Old-Fashioned Legwork: Documenting Working Waterfronts in VA, MD

Photos taken throughout coastal Virginia and Maryland document working waterfront infrastructure, such as this at Menchville Wharf. ©VASG
Documenting the docks, facilities, and ramps that are available for watermen and coastal businesses in VA and MD requires perseverance and persistence—and a car.

By Janet Krenn

In partnership with the Maryland Coastal Zone Program and Maryland Sea Grant, Virginia Sea Grant conducted a working waterfronts inventory for Maryland in parallel with Virginia’s inventory

Project leader Tom Murray enlisted Don McCann of Tranquil Waters Marine Services to document working waterfronts infrastructure in Maryland.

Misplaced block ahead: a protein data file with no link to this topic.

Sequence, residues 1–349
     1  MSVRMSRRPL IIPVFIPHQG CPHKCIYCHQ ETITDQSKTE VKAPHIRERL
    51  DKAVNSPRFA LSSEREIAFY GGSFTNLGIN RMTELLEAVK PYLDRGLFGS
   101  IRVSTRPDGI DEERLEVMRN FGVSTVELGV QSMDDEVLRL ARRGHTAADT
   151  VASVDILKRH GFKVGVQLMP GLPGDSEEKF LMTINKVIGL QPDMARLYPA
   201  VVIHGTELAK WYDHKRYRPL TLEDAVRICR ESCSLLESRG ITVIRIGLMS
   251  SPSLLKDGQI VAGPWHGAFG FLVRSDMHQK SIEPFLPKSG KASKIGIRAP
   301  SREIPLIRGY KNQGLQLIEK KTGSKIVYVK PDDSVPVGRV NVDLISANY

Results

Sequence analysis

When McCann describes the process, it becomes clear that identifying working waterfronts requires perseverance and persistence—and a car.

“I visited a boat builder in Denton, and he told me to talk to so-and-so farther down the way. So I go there next. On many occasions you don’t find the person you’re looking for right away, and you just keep going ahead until you come across someone to help,” says McCann. “Those individuals who are deeply involved in the local area, they provided us with many sites that we might have missed.”

With a list of sites in hand, McCann visited and documented each one, taking coordinates and photographs as well as inspecting the location for electricity, pump-out, sewer access, water access, dockage, and other services important to working waterfronts.

“It’s not rocket science,” says McCann. Still, he’s optimistic old-fashioned legwork will produce useful information to help the state of Maryland decide where to focus its efforts to preserve and improve commercial waterfront access.



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